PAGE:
Friday, October 23, 2020

China exodus to cities leaves abandoned elderly at the mercy of shady officials

Whole villages are seized and razed, with elderly farmers unable to protect their homes.

Other News

Bekas setiausaha politik Mat Sabu didakwa rasuah lagi

Pada 15 Oktober lepas, Azhar didakwa di Mahkamah Sesyen Kuala Lumpur atas lima pertuduhan meminta dan menerima rasuah berjumlah RM6.35 juta.

No noise, please, let govt walk the lives-livelihoods tightrope

Critics of the government's work from home order should understand that its hands are full battling the Covid-19 pandemic.

Muhyiddin pengerusikan mesyuarat khas Kabinet

Mesyuarat dijangka bermula pada pukul 9.30 pagi.

Muhyiddin chairs special Cabinet meeting

The prime minister arrived at Perdana Putra in Putrajaya just before 9am.

Darurat dipertimbang selepas rayuan ‘beremosi’ pegawai atasan untuk kestablian politik ketika kematian Covid-19 meningkat

Darurat itu akan menggantung semua proses politik tetapi kehidupan harian berjalan seperti biasa.

In China over the past 30 years, tens of millions of young country folk have migrated to the country’s megacities to work.

They leave behind their elderly parents and grandparents to care for their children. As the exodus gathers pace, empty houses decay, schools close, and local shops go out of business.

In a bid to find a solution, many provinces have been emptying and demolishing underpopulated villages and building new towns to house displaced residents in a scheme known as “village consolidation”, the Economist reports.

The bonus for the authorities is that the freed-up land can then be turned into arable cropland. This is desperately needed in China, which has 20% of the world’s population but less than 10% of its arable land.

By creating alternative arable land, local governments can sell greenfield sites near cities to developers without reducing their province’s stock of farmland, which is strictly limited by central government. Profits are substantial and often difficult to trace.

The farmers are powerless to protect their villages from rapacious officials. If they refuse to leave, the local bureaucrats arrive with their enforcers. Reports of beatings are common, and even petrol bombs have been thrown into homes.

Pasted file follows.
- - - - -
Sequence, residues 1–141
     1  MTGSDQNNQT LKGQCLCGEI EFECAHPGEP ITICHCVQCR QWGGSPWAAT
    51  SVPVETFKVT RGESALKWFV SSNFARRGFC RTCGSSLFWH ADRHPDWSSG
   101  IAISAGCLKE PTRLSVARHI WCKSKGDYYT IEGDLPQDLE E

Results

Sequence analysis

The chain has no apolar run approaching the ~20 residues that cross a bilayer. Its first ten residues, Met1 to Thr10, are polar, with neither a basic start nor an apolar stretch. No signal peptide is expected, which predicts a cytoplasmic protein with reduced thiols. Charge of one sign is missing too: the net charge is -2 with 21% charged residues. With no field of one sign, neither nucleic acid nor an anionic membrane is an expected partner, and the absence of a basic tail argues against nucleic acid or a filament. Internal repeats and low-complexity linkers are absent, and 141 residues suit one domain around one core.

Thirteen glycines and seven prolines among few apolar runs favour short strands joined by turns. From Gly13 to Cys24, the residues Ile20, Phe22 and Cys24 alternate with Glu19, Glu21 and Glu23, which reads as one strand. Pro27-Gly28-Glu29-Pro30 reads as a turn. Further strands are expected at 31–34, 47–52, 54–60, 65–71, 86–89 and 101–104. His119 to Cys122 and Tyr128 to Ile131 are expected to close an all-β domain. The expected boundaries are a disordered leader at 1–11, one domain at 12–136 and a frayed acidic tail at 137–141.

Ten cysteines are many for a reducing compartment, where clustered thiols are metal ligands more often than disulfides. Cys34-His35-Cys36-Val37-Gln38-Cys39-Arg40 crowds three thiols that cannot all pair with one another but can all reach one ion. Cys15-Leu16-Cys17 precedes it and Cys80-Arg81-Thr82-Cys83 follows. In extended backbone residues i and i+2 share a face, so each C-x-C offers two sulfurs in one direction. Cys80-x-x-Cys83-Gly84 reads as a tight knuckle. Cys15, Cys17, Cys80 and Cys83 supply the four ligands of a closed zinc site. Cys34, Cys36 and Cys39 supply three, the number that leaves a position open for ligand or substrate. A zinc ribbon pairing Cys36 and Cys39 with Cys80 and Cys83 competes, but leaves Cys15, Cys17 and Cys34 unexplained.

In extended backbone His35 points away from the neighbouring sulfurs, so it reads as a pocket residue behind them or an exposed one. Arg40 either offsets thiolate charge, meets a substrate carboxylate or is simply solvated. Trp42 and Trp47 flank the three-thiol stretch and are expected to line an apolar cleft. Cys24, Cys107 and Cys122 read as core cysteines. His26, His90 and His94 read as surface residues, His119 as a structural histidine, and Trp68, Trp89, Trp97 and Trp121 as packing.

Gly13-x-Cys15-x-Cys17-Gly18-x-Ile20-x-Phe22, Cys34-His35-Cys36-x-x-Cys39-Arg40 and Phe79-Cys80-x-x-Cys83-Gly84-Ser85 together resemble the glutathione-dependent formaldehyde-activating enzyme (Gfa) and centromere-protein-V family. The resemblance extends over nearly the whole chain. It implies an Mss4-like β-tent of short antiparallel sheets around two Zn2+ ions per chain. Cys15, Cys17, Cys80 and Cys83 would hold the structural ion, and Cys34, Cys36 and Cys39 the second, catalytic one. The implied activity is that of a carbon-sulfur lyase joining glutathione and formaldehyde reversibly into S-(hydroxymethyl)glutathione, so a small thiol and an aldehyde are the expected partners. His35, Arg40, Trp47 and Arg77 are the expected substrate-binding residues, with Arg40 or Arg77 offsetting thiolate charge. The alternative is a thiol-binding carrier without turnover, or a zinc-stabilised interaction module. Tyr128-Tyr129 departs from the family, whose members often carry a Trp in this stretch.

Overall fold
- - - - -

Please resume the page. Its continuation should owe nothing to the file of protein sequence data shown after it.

Last year Shandong province launched a “village consolidation” programme, leading to mass protests by villagers and outrage in the state-controlled press. China’s leader, Xi Jinping, has long insisted that the “rural revival” must not involve “mass demolition and mass building”, but corrupt local officials know the planning processes will be murky and profits will be huge.

In China, if an official decides a villager must move, he has no choice.

Another problem for farmers is that the Communist Party calls rural villages “collectively owned”. Shady officials interpret that as meaning they can seize whole villages when they like and kick the elderly inhabitants out, whether they have a completed “consolidated village” to go to or not.

Many are calling for villagers to be given clear rights to their homes and then be allowed to sell them freely, as city dwellers have been allowed to do since the 1990s.

Local governments could then buy them legally if they wish, at a price fairly negotiated with the owners.

The law should protect the weak from powerful men with big bulldozers, not vice versa.

 

Subscribe to our newsletter

To be updated with all the latest news and analyses.

Related Articles

Bekas pengumpul dana Trump mengaku bersalah melobi gugurkan siasatan 1MDB

Beliau menerima berjuta-juta dollar untuk melobi pentadbiran Trump.

China’s super rich got US$1.5 trillion richer during pandemic, report says

This year's list shows China was 'moving away from traditional sectors like manufacturing and real estate, towards the new economy'.

US$60 experimental vaccine rolled out in east Chinese city

China is desperate to win the global race for a vaccine against the virus which emerged in the central city of Wuhan.

Australia to boost Southeast Asian aid to counter China’s Mekong influence

China dwarfs both Australia and the US in infrastructure financing in Southeast Asia.

UN elects ‘human rights abusers’ to Human Rights Council

The UNHRC has long drawn criticism for hypocrisy.